Exploring differential response to an emergency department-based care transition intervention.

Journal Article (Journal Article)

OBJECTIVE: To identify multivariable subgroups of patients with differential responses to a nurse-delivered care transition intervention after an emergency department (ED) visit in a randomized controlled trial (RCT) using an emerging data-driven method. DESIGN: Secondary analysis of RCT. PARTICIPANTS: 512 individuals enrolled in an RCT of a nurse-delivered care transition intervention after an ED visit. All 512 participants were included in a pre-specified subgroup analysis, and 451 of these had sufficient complete case data to be included in a model-based recursive (MoB) partitioning analysis. METHODS: The primary outcome was having at least one ED visit in 30 days after the index ED visit. Two analytical methods explored heterogeneity of treatment effects: data driven model-based recursive partitioning (MoB) using 37 candidate baseline variables, and a contextual point of comparison with prespecified subgroups defined by ED super-user status (≥ 3 ED visits in previous 6 months or not), sex (male/female), and age, individually examined via treatment arm by subgroup interaction terms in logistic regression models. Internal validation of the MoB analysis via bootstrap resampling with an optimism corrected c-statistic was conducted to provide a bias-corrected estimate. RESULTS: MoB detected treatment effect heterogeneity in a single subgroup, marital status. Unmarried patients randomized to the intervention had a repeat ED use rate of 22% compared to 34% in the usual care group; married patients randomized to the intervention had a 27% ED return rate compared to 12% in the usual care group. Internal validation demonstrated an optimism corrected c-statistic of 0.54. No treatment-by-covariate subgroup interactions were identified among the 3 prespecified subgroups. CONCLUSION: Although exploratory, the results of the MoB analysis suggest that patient factors related to social relationships such as marital status may be important contributors to differential response to a care transition intervention after an ED visit. These were characteristics that the investigators had not anticipated or planned to examine in the individual prespecified subgroup analysis. Data-driven methods can yield unexpected findings and contribute to a more complete understanding of differential treatment effects in subgroup analysis, which can inform further work on development of effective care transition interventions in the ED setting.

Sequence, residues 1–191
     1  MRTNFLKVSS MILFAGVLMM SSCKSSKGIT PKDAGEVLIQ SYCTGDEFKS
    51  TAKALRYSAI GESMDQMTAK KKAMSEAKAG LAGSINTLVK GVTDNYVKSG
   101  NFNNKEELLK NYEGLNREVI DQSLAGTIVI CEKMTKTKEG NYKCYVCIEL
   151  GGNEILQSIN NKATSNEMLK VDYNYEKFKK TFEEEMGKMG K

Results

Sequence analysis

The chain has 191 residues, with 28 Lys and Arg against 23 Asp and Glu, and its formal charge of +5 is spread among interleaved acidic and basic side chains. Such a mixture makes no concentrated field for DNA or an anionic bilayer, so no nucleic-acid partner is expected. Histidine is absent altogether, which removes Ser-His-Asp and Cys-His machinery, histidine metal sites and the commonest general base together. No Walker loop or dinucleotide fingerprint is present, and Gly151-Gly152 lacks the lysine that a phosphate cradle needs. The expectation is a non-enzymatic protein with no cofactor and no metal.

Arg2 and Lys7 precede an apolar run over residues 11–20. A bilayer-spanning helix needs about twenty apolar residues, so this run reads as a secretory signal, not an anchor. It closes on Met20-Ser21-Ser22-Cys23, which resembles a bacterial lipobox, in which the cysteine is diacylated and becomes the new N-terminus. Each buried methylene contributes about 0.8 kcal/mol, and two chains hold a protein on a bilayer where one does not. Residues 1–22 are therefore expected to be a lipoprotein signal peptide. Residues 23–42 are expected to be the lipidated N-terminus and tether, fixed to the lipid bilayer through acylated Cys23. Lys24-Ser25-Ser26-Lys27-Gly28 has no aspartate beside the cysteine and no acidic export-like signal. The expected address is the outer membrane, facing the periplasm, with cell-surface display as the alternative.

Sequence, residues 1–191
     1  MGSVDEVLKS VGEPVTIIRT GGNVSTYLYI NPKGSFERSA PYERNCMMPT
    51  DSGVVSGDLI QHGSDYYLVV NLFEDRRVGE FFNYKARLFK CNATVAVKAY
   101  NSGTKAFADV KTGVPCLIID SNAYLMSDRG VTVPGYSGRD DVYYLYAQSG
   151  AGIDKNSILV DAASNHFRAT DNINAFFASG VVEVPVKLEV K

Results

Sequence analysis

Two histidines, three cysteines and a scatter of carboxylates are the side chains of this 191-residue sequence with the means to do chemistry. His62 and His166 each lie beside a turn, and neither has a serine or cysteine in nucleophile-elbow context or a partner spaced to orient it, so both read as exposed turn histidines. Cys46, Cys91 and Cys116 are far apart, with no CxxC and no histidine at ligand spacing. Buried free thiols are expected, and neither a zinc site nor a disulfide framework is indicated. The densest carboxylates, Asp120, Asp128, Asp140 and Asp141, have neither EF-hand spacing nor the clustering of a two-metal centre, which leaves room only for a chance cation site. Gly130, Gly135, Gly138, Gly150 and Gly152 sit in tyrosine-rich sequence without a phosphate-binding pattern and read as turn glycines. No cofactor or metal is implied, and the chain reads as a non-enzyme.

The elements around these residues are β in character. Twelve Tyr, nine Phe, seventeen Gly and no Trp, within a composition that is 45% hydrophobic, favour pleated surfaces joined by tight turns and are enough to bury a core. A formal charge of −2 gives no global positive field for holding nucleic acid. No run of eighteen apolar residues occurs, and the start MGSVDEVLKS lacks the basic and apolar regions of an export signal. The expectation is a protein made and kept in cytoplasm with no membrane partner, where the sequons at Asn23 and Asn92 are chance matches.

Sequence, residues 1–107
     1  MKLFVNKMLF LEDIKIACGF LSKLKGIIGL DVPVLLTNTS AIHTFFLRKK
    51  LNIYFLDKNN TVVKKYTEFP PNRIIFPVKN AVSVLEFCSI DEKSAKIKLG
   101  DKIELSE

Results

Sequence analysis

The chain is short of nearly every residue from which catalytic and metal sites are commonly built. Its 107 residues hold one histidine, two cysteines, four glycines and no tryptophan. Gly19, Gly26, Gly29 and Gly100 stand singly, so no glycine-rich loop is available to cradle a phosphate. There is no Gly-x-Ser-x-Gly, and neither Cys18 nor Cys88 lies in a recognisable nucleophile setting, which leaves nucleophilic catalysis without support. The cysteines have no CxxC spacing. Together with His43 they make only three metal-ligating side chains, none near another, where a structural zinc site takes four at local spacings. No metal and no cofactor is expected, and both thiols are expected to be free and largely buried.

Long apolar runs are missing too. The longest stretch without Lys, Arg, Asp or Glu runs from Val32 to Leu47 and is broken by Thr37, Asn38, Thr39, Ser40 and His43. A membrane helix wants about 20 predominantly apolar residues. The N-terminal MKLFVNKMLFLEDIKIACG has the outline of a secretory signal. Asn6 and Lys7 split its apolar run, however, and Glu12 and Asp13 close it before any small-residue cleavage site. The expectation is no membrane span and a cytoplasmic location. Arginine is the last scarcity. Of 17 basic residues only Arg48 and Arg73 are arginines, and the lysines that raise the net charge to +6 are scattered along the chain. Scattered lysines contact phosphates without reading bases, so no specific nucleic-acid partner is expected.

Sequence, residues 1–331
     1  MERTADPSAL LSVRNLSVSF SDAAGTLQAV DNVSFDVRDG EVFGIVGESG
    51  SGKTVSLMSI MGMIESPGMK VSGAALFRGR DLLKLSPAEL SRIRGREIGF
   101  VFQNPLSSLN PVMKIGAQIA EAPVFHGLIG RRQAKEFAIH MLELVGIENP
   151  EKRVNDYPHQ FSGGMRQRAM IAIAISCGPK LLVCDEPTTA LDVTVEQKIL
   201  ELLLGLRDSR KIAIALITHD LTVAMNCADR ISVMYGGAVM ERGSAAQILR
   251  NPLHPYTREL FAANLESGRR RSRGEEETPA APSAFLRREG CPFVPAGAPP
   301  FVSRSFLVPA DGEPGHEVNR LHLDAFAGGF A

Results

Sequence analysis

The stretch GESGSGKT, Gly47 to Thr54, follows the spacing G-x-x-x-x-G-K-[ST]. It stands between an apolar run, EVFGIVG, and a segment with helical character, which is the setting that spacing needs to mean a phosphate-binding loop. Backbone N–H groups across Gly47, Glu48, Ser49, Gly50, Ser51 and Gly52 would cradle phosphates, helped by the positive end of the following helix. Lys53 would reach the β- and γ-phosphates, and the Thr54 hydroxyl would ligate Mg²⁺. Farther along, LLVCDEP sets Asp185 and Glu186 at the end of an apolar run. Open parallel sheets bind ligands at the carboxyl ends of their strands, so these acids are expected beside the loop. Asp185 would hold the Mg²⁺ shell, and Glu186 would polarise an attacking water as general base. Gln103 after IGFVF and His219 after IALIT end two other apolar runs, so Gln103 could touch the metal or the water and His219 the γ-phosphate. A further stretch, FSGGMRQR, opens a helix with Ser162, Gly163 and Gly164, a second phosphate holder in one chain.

Full Text

Duke Authors

Cited Authors

  • Seidenfeld, J; Stechuchak, KM; Coffman, CJ; Mahanna, EP; Gladney, MN; Hastings, SN

Published Date

  • December 2021

Published In

Volume / Issue

  • 50 /

Start / End Page

  • 640 - 645

PubMed ID

  • 34879480

Pubmed Central ID

  • PMC9354797

Electronic International Standard Serial Number (EISSN)

  • 1532-8171

Digital Object Identifier (DOI)

  • 10.1016/j.ajem.2021.09.026

Language

  • eng

Conference Location

  • United States